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Hot Off The Press: The Latest TV News and Information - Page 2483

post #74461 of 93694
By jimo
Dec 6 2011 - 9:28am

ESPN has agreed to pay a 70 percent increase in fees to the NFL for an eight-year agreement to broadcast games, and early indications are the league will also be able to bump its CBS, NBC and Fox deals 60 percent--deals that likely will push pay-TV bills higher, increase cord cutting talk and discussions about offering sports programming as separate tiers.

The increasing costs of sports programming, specifically ESPN and other live events like the National Footbal League, are being passed directly to subscribers, many of whom are looking at their pay-TV bills and, increasingly, according to analysts, opting to shave their bills by reducing the depth of their subscriptions, or to drop them altogether.

Speaking at the USB investor conference in New York Monday, Gregory Maffei, chief executive of Liberty Media, likened the increase in sports programming costs to a "tax" on subscribers and said pay TV "has been the golden goose and what does it take to choke it? It's a scary proposition."

Pay-TV companies charge subscribers $4.69 per month for ESPN, which is carried on most basic tiers. Most other networks cost far less, an average of about 26 cents. The price for those channels has increased about 24 percent since 2006; the price for ESPN has risen some 42 percent over the same span, according to SNL Kagan.

The new deals with the NFL, meanwhile, would stretch through 2021 and bring some $6 billion annually to the league.

ESPN's deal to broadcast Monday Night Football alone will cost it $1.9 billion a year, and DirecTV (Nasdaq: DTV [3]) will pay $1 billion annually for its Sunday Ticket offering.

http://www.fierceiptv.com/print/node/4706
post #74462 of 93694
Quote:
Originally Posted by rustycruiser View Post

I spend more time watching ESPN in one day than I do all of these channels combined in a whole year. Different strokes and all.


Just the opposite for me. ESPN is one of my least watched channels. I typically only watch it for the local NFL team and I could always watch that feed from a local station if they are playing on Monday night.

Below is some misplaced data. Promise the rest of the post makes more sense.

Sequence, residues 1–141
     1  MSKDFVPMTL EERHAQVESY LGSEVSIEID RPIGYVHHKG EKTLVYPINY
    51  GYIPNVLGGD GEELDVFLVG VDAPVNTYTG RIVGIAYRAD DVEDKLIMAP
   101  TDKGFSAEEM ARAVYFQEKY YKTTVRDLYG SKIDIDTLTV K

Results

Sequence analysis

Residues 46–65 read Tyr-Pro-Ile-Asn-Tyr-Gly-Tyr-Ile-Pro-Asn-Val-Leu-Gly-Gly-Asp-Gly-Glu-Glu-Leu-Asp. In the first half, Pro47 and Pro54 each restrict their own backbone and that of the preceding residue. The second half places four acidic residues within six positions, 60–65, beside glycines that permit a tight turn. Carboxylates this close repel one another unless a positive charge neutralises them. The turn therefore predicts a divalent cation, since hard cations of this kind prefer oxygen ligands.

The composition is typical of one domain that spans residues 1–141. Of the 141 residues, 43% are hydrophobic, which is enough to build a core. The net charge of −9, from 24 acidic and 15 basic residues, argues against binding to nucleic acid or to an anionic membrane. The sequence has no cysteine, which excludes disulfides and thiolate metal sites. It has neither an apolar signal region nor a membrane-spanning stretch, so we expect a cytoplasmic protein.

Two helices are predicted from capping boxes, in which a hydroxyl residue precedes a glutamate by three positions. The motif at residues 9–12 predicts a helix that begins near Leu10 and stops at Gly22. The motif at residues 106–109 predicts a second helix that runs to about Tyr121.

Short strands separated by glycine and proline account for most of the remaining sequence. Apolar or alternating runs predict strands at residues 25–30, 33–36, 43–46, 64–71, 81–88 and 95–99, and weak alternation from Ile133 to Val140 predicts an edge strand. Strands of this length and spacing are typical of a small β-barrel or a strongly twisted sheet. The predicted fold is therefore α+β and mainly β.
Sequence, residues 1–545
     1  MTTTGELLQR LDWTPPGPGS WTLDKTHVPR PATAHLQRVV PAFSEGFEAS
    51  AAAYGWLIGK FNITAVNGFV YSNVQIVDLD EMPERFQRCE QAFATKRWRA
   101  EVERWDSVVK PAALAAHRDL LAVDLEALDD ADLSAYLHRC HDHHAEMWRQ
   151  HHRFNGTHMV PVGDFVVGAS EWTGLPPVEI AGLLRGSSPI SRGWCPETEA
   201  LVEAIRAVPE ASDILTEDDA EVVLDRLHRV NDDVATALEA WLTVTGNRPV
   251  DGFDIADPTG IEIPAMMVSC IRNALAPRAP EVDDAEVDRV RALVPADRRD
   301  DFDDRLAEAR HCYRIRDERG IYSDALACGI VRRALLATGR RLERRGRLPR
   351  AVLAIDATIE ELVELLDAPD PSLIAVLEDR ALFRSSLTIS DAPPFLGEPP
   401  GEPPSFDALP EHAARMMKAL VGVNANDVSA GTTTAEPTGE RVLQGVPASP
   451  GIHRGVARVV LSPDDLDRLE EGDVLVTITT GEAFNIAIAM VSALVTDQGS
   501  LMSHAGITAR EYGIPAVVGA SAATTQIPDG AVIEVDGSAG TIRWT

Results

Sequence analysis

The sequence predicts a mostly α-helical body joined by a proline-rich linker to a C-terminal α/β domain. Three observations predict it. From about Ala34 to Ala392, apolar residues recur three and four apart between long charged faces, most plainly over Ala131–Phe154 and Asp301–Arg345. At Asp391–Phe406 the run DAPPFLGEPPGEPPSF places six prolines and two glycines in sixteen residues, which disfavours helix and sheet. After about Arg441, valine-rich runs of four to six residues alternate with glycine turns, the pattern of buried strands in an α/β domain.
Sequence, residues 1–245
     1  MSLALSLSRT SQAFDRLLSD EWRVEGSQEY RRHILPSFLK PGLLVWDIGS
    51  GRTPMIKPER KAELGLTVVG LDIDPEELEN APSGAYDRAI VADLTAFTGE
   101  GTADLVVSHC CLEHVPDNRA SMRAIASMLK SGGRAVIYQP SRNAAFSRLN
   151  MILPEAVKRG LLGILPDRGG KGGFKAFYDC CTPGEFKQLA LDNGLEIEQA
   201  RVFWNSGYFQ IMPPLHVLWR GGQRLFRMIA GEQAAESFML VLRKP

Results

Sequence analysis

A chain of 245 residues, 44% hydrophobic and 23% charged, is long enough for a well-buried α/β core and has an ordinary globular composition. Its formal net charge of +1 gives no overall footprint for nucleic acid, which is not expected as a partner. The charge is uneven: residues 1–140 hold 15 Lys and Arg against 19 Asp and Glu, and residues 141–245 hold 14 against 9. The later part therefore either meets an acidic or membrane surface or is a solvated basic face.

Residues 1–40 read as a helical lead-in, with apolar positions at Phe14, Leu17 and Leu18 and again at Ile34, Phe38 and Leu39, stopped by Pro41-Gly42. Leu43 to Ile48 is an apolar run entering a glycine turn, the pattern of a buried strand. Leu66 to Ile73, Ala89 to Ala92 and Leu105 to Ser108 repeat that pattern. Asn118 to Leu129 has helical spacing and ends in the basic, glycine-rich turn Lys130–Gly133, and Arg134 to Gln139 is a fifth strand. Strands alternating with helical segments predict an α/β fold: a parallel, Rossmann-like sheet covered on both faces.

post #74463 of 93694
Quote:
Originally Posted by aaronwt View Post

Just the opposite for me. ESPN is one of my least watched channels.

I turned it on a couple of hours ago, just to see if anything had been happening with the winter baseball meetings yet, in the way of trades (they started yesterday, and my local team is expected to be doing some major salary dumping), and all it was was people spouting off a bunch of mostly useless, blathering drivel, at the top of their lungs, as if the other person with them, and the viewers at home, are all hard-of-hearing. I finally had to turn it off after a few minutes. And it appeared this was their normal, daytime fare.

I could never watch that kind of thing for hours at a time.
post #74464 of 93694
As much as I want ESPN on a separate tier, rest assured that your cable bill will continue going up faster than the rate of inflation no matter what happens. ESPN may be playing with fire by being so out of whack in terms of what they charge vs. other channels. But regardless of what "tier" they're on, I'm sure ESPN will continue to be a money printing machine for Disney/Hearst.
post #74465 of 93694
Quote:
Originally Posted by LCDSpazz View Post

As much as I want ESPN on a separate tier, rest assured that your cable bill will continue going up faster than the rate of inflation no matter what happens. ESPN may be playing with fire by being so out of whack in terms of what they charge vs. other channels. But regardless of what "tier" they're on, I'm sure ESPN will continue to be a money printing machine for Disney/Hearst.

That may turn out to be true, but we'll never know until ESPN gets moved and at least then the cableco wouldn't be able to blame ESPN for the rate hikes.
post #74466 of 93694
Have to give some props to the cowboys here....

30,901,000 watched dolphins/cowboys on Thankgsiving making it the #1 most watched tv show of any show this entire fall season so far....woop woop.
post #74467 of 93694
I very infrequently watch ESPN, however, as little as I watch it, I don't watch the others at all.

Quote:
Originally Posted by scorpiontail60 View Post

I've been saying for a long time that ESPN will be the death of cable.

It is ridiculous that single channel costs more than all of these put together:

MTV
MTV2
MTV Jams
MTV Hits
mtvU
Tr3́s
VH1
VH1 Classic
VH1 Soul
CMT
CMT Pure Country
Logo
Palladia
Nickelodeon
Nick Jr.
TeenNick
Nicktoons
Comedy Central
TV Land
Spike
Epix
Epix 2
Blink!

Time for the cable providers to man up and boot ESPN and the other sports networks out if they don't want to continue hemorrhaging subscribers. Nothing is going to bring customers back until prices go down and nothing is going to drive prices down like telling Disney to **** off and take their ESPN out of the basic packages.
post #74468 of 93694
Quote:
Originally Posted by dcowboy7 View Post

Speaking of car commercials....

what would happen if you walked into a car dealership & said that you werent interested in any of the cars but really just wanted to buy that big red bow that in all those commercials they always put on top of the car that the wife is getting for a christmas present....wonder if thats possible ?

& that always seems wierd to me.